The Power of Language for Brain Function

Hooks Academic Research Fellow Dr. Kami Anderson was a recent guest on Brain Power TV hosted by Dr. Hokehe (Eko) Effiong. In the episode, they discussed the brain benefits of learning another language in children and adults. Dr. Anderson is a trained scholar and master teacher of Afrocentric teaching strategies that ensure language retention, not just learning, and speaks directly to the neurological ways in which people of African descent process and embody languages.

Watch the episode below:

The Call to Attend to Race in the Study of Religious Rhetoric

Andre E Johnson

Below is part of a presentation I gave at the Southern States Communication Association on April 8, 2021. It was part of the “Role of Race in Religious Rhetoric and Communication” panel.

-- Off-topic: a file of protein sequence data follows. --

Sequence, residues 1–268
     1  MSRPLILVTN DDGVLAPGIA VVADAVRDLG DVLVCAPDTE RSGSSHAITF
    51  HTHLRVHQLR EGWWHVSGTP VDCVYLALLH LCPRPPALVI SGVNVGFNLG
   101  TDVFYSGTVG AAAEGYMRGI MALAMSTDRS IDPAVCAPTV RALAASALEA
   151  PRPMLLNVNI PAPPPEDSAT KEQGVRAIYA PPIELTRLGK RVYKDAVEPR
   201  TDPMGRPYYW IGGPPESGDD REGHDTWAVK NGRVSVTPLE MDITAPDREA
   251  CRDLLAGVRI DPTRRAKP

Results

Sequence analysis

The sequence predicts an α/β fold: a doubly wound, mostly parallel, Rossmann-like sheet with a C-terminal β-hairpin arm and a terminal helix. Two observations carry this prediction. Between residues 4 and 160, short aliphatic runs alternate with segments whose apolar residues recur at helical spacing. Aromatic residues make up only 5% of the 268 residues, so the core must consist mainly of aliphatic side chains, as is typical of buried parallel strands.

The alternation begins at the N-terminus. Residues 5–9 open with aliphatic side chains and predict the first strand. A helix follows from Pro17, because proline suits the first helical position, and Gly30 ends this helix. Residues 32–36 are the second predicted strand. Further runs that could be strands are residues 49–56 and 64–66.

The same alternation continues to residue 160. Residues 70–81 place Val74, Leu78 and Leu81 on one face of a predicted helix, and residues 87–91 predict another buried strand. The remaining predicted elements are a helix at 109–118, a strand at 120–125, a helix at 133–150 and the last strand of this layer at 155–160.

In her groundbreaking essay, Lisa Flores argues that “race is foundational to the work of rhetorical criticism and that any criticism void of this consideration is incomplete, partial, if not irresponsible.” About this, she writes

If rhetorical scholars are to attend to all matter of discourse, whether understood as questions of impact, influence, or circulation, or questions of argument and audience, or questions of affect and materiality, we cannot ignore race. Rhetorical meanings, as they circulate on and around bodies, are already raced. Bodies that speak and listen, that exhort and cajole, that desire and hate are already raced.